Really, this trailer could be for any tinkly-winkly prestige kids’ adaption, from a Harry Potter (or Fantastic Beasts and Where to Find Them) to doing a Burton in terms of look. Spielberg’s become that indistinct, a much of which is down to his ever-present cinematographer Janusz Kaminski. The BFG himself is currently (perhaps the effects will be finessed over the next few months before release) a very obvious motion capture creation (while his fellows look like they’ve wandered in off Warcraft monitor screens). Listen to that John Williams score evoke awe, and be less-than-dazzled by the blandly colour-graded photography.  Perhaps future trailers will liven things up with an outbreak of flatulus.



Edge of Tomorrow 2

Wherefore an Edge of Tomorrow sequel? Because Tommy C is clinging on for dear life to any non-M:I property that might maintain his slender box office star status (that Jack Reacher sequel certainly won’t)? I suppose the attached writers might pull a rabbit out of the hat, and devise something as convolutedly satisfying as Back to the Future Part II. Other than that, this seems like the most egregious example of an obvious “Just don’t go there” you can think of, apart from a Blade Runner 2


Blade Runner 2

This sequel’s really happening, and it’s certainly possible to hope it won’t be a complete wash-out. Rick Deckard virtually personifies Harrison Ford’s weary, couldn’t-give-a-shit latter-day performance persona, so he’ll surely have no trouble reassuming the mantle. And the casting thus far, of Ryan Gosling, Robin Wright and a shoe-in-to-be-a-replicant Dave Bautista, is promising.

But this is still produced by Ridley Scott, who clearly didn’t get that the ambiguity of Deckard was integral to the original (and really, it works so much better if he isn’t one). And Denis Villeneuve, highly accomplished as he is technically, has been let down to a greater or lesser extent by sloppy scripting in his Hollywood ventures thus far. Of which, Hampton Fancher’s name suggests fidelity to the original, but it’s the absence of David Webb Peoples that really gives me pause. The tester will be whether Vangelis comes back. The original film is Vangelis.


The Predator

Shane Black’s filmmaking choices are alright with me, so I guess he knows what he’s doing if Fiddy Cent is indeed appearing in The Predator. Perhaps he plays someone who can’t act. Perhaps he’s there to make Arnie look vital? Perhaps he and Steven Seagal will be killed off in the first reel?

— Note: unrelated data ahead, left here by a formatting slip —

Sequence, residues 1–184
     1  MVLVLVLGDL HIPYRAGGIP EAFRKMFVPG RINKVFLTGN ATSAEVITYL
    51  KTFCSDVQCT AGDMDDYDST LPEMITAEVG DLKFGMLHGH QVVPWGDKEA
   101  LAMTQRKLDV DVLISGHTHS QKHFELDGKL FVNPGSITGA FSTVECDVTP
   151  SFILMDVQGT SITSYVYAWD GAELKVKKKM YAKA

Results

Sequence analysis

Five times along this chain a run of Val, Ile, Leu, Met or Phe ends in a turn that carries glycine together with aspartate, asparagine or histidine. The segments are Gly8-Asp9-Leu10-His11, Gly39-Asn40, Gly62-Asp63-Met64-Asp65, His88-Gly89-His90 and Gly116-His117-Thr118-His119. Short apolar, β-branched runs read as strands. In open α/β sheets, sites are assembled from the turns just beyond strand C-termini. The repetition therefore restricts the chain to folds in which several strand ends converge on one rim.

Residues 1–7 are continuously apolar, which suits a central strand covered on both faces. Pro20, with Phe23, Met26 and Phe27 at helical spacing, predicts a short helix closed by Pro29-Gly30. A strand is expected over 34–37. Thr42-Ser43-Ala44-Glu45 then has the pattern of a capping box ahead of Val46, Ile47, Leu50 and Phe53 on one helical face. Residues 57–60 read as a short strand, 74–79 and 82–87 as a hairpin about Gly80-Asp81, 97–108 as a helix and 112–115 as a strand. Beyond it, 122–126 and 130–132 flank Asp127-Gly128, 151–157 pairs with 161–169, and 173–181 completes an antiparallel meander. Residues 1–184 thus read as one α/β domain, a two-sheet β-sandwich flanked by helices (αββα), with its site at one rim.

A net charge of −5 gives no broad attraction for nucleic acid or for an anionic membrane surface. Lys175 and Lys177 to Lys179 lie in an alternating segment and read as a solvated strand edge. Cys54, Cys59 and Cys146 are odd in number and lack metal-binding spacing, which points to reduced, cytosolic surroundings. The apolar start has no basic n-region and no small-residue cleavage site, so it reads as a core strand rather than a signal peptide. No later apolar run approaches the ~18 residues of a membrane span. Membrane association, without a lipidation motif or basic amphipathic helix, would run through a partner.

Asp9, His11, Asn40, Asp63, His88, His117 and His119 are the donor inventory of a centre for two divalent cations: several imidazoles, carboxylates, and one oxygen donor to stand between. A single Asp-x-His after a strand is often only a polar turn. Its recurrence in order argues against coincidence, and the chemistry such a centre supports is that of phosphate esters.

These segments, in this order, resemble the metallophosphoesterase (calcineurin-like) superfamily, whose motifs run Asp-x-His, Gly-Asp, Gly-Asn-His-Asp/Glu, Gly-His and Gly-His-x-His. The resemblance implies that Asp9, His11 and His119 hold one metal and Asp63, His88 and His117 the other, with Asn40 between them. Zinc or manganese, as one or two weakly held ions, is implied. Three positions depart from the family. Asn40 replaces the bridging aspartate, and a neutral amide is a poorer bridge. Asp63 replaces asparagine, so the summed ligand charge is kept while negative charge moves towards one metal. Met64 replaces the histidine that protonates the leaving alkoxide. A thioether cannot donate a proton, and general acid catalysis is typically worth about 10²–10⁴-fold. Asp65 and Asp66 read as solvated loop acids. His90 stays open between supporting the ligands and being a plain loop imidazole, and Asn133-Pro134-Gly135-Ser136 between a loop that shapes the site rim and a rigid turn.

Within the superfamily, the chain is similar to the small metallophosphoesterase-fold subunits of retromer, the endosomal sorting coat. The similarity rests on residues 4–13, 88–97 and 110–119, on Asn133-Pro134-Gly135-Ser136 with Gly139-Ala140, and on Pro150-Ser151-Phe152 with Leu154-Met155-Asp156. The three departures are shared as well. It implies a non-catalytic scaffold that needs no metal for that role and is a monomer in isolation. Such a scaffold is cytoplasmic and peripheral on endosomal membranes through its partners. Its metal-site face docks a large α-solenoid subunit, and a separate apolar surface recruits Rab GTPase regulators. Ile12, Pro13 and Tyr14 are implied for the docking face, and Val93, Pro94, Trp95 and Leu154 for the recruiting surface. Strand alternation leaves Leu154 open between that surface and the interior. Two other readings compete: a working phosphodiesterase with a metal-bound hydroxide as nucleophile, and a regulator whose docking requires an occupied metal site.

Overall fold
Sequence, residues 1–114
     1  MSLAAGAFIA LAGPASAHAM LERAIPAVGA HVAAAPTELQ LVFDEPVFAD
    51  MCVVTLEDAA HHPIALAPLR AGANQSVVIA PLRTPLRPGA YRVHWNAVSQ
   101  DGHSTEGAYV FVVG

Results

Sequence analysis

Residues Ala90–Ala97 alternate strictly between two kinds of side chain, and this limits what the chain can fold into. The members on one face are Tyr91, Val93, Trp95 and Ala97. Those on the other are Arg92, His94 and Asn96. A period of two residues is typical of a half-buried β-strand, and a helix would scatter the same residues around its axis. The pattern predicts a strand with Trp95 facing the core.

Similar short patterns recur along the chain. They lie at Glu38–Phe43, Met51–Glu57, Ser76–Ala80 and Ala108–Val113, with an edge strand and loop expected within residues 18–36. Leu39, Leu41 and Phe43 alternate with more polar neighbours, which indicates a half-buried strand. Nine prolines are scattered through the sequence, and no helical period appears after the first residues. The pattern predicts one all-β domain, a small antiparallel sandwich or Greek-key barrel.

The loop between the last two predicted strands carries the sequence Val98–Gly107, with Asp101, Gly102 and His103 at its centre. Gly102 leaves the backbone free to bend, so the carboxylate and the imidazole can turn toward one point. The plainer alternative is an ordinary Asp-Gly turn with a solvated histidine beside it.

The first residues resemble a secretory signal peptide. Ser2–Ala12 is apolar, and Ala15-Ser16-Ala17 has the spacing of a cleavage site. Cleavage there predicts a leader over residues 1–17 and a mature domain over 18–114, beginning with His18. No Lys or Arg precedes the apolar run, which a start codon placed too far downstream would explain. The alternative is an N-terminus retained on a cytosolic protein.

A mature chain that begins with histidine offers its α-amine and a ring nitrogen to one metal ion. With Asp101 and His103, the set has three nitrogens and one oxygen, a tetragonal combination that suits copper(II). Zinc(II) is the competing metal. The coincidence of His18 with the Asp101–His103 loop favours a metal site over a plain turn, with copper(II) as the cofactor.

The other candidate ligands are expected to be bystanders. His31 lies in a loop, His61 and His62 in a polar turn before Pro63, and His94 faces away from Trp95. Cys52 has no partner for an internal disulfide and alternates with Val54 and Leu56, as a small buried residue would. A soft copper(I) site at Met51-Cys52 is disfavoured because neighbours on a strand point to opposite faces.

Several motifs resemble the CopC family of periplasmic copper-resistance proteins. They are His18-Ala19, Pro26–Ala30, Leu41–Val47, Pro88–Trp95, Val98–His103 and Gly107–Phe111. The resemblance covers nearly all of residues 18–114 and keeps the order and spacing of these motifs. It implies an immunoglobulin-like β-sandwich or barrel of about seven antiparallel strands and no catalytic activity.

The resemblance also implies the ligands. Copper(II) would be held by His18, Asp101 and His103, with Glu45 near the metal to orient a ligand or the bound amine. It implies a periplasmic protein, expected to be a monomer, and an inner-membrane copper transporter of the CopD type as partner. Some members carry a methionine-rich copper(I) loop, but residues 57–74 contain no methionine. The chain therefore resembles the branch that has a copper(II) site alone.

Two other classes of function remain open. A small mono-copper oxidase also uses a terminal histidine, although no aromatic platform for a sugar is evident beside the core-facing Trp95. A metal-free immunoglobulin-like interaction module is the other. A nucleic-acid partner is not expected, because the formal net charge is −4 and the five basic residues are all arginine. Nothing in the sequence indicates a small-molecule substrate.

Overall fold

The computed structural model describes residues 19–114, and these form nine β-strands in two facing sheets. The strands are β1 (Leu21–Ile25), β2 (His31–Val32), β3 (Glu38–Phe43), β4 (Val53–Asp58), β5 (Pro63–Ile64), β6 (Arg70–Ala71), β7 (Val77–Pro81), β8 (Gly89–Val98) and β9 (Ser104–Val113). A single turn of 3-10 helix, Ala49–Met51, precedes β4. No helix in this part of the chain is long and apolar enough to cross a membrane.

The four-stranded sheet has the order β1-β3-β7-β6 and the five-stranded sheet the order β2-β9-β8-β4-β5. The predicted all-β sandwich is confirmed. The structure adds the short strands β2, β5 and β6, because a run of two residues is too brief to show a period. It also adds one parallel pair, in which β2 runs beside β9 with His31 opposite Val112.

Blood Father

Grizzled, hoarse and haunted Mel, with a big bushy beard, being relentlessly tough? He may be persona non grata, but Gibson’s screen presence remains indelible even when he’s mimicking Arnie’s shotgun move from T2. This might well turn out to be forgettable B-movie material, although Mel’s last starring role (Get the Gringo) was highly enjoyable (and little seen), and Jean-François Richet is a more than capable director.



The Night Manager

I don’t tend to keep an eye out for BBC shows these days, mainly because so much of their output has been so mediocre, and they’ve been attempting to (inadequately) copy US TV, for such a long spell now. Yet with The Night Manager, following on the heels of Jonathan Strange and Mr Norrell and Wolf Hall, they’ve produced three superb adaptations in only two years, which is something of a resurgence, despite their endemic problems in terms of remit and reach.

Everyone’s talking about Tom Hiddleston as the next 007 in the wake of his surefooted, confident performance in the John Le Carré adaptation (it was Tom Hollander who really impressed me, but I can’t see a five-foot Bond happening; there are some barriers to equality that just aren’t going to be broken any time soon). I’m not quite so certain, as there’s something about him that’s almost too suave and charming. But definitely appealingly to bruiser Daniel Craig, so welcome on that basis alone (Craig still seems in a permanent grump at all that money he gets from having to pump up those massive man tits every couple of years, so I’m not sure he’ll really be missed). I still think Henry Cavill, following his Napoleon Solo in The Man from U.N.C.L.E., clearly on to a loser as long as Zach Snyder is around to hate Superman, is the pick of the mooted names.


Chalk

As far as the BBC copying US TV goes, we have the self-regarding (whyever not, genuine fans should be in short supply after the disastrous last couple of seasons of Doctor Who, despite having picked a perfect leading man, and turning Sherlock from a surprisingly fresh take on the classic detective into an entirely inward-looking, redundant one in an incredibly short space of time) Steven Moffat  announcing his Who spin-off Chalk, I mean Class.